Pakistan journo sent behind bars for 5 years in religious hatred case | Inquirer News

Pakistan journo sent behind bars for 5 years in religious hatred case

/ 10:57 AM January 01, 2020

Journalist bodies have expressed grave concern over the conviction of Nasrullah Chaudhry for allegedly possessing banned literature. Photo courtesy Twitter via Dawn/Asia News Network

KARACHI — An antiterrorism court has awarded five-year imprisonment to journalist Nasrullah Chaudhry in a case pertaining to possessing literature against the state and spreading religious hatred.

Mr Chaudhry, a journalist associated with Urdu-language daily Nai Baat, was found guilty of committing offenses punishable under Section 11-F (i) of the Anti-Terrorism Act of 1997 (a person is guilty of an offense if he belongs, or professes to belong, to a proscribed organization), Section 11-W(i) (printing, publishing or disseminating any material to incite hatred or giving projection to any person convicted for a terrorist act or any proscribed organization or an organization placed under observation or anyone concerned in terrorism) and Section 7 (punishment for acts of terrorism).


The ATC-VI judge, who conducted trial in the judicial complex inside the central prison, pronounced his verdict reserved after recording evidence and final arguments from both sides on Dec 21.

The judge awarded him five-year imprisonment and Rs10,000 fine under Section 11-W(i) with the direction to serve one month imprisonment on default.


He was also sentenced to six-month imprisonment and Rs5,000 fine under Section 11-F(i) with the direction to serve 15 days imprisonment on default.

The court canceled his bail and sent him to the prison to serve out his sentences. However, all the sentences will run concurrently.

He was extended the benefit of Section 382-B that means the period spent in detention will be deducted from the sentence.

According to a charge sheet filed by the CTD, Nasrullah Khan Chaudhry was arrested in Karachi’s Garden area on Nov 11, 2018 on the allegations of carrying some journals and booklets about Afghan Jihad and the Punjabi Taliban which contained material intended to sow discord on sectarian grounds as well as to motivate people to take part in “Jihad”.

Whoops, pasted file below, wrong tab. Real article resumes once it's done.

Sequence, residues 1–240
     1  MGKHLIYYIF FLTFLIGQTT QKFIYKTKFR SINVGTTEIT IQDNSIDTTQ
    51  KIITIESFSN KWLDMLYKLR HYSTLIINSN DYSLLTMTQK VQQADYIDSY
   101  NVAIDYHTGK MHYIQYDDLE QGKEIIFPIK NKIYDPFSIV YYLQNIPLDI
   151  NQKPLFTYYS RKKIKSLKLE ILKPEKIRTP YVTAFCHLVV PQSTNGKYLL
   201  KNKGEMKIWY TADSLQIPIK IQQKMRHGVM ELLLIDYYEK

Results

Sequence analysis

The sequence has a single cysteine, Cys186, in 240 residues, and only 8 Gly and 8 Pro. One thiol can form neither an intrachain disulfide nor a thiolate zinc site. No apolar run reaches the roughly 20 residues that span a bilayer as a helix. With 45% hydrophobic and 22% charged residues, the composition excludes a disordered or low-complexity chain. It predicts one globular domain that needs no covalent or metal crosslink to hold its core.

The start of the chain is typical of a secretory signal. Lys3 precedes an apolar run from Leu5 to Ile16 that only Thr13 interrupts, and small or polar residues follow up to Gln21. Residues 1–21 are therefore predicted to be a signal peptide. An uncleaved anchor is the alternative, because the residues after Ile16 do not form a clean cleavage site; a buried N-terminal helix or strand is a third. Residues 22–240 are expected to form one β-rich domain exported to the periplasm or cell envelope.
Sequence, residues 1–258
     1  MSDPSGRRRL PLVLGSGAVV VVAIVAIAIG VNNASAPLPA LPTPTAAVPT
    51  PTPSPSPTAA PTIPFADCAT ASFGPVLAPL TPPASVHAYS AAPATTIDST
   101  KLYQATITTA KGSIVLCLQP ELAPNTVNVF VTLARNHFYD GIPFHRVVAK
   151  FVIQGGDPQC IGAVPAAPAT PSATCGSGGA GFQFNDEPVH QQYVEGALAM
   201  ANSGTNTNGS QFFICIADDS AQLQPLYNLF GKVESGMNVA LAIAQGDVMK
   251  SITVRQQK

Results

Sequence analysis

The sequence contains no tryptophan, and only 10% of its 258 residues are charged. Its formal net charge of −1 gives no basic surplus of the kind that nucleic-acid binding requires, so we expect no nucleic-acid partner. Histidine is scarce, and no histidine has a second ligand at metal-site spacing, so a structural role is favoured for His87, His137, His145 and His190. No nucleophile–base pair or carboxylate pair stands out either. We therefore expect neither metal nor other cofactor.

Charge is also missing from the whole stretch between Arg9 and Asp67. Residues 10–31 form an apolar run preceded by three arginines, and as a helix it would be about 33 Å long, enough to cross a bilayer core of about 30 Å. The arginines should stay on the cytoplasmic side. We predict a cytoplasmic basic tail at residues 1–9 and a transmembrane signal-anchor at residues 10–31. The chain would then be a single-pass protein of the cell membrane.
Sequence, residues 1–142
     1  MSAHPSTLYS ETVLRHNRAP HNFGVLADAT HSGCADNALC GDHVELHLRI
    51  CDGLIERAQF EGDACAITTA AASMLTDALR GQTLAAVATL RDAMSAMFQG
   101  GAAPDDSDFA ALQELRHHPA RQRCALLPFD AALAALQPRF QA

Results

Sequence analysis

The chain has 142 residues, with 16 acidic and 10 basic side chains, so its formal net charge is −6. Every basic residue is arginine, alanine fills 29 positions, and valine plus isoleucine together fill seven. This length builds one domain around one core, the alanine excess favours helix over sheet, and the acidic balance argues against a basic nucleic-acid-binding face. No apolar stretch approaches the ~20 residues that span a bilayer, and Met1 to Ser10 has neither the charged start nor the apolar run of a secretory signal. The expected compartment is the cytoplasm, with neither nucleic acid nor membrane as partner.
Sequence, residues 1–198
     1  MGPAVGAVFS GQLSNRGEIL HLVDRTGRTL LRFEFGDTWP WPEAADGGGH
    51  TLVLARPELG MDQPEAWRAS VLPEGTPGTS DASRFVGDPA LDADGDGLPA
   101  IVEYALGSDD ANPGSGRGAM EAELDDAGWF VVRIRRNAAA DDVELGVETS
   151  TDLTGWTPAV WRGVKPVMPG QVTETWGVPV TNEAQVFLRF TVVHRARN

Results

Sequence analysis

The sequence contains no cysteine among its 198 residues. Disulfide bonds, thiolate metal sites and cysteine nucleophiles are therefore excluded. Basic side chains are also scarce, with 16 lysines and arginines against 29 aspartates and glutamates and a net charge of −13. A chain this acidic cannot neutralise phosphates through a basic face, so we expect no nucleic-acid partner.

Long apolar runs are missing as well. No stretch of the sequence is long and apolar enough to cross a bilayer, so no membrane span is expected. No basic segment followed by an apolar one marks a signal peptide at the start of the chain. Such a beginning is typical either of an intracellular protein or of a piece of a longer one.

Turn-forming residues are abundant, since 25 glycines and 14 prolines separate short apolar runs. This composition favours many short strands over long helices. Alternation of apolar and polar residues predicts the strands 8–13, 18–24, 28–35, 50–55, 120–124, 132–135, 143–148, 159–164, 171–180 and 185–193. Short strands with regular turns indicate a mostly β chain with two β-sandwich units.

The charge sheet repeatedly cited the name of Khalid Mukshi, alleging that he was a leader of Al Qaeda and that the detained journalist had links with him. However, the IO did not name Mukshi as an accused or absconder in the charge sheet.

In his statement, under the Section 342 of the Criminal Procedure Code, Nasrullah Chaudhry denied the allegations and claimed that the three prosecution witnesses falsely deposed against him and in favour of the law enforcement agencies.

He claimed to be innocent having nothing to do with the alleged offence and also denied the recovery of the alleged hate material from him.


On the other hand, state prosecutor Farhana Parveen contended that a joint investigation team interrogated the accused and collected all the material evidence, including Nasrullah Chaudhry’s confession.

She further contended that the accused was well connected to commissioning of the offense of facilitator of Khalid Makashi, a terrorist of proscribed organization Al-Qaeda. She added that four magazines recovered from his possession, “and this act of accused has incited hatred and projected persons and proscribed organization to commit terrorist activities”.

Defense counsel Muhammad Farooq argued that the accused was a senior journalist, who was taken away by law enforcement agencies personnel from his house on Nov 9, 2018 and subsequently handed over to the CTD, which implicated him in the present case.

Such news was published in the Washington Post, Daily Mail of the United Kingdom and the Karachi Press Club also issued a press release regarding the arrest of the accused at the hands of the law enforcement agency prior to the date of his alleged arrest shown in the FIR, he added.

Concern over conviction

The Pakistan Federal Union of Journalists (Dastoor) and the Karachi Union of Journalists (Dastoor)  have expressed grave concern over the conviction of senior journalist Nasarullah Chaudhry for allegedly possessing banned literature.

In a joint statement, the journalist bodies noted that the government through law enforcement agencies and other tactics, which include torture, threats and harassment, had been trying to pressure the journalists with impunity.

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TAGS: Asia, Nasrullah Chaudhry, Pakistan, Religious Hatred
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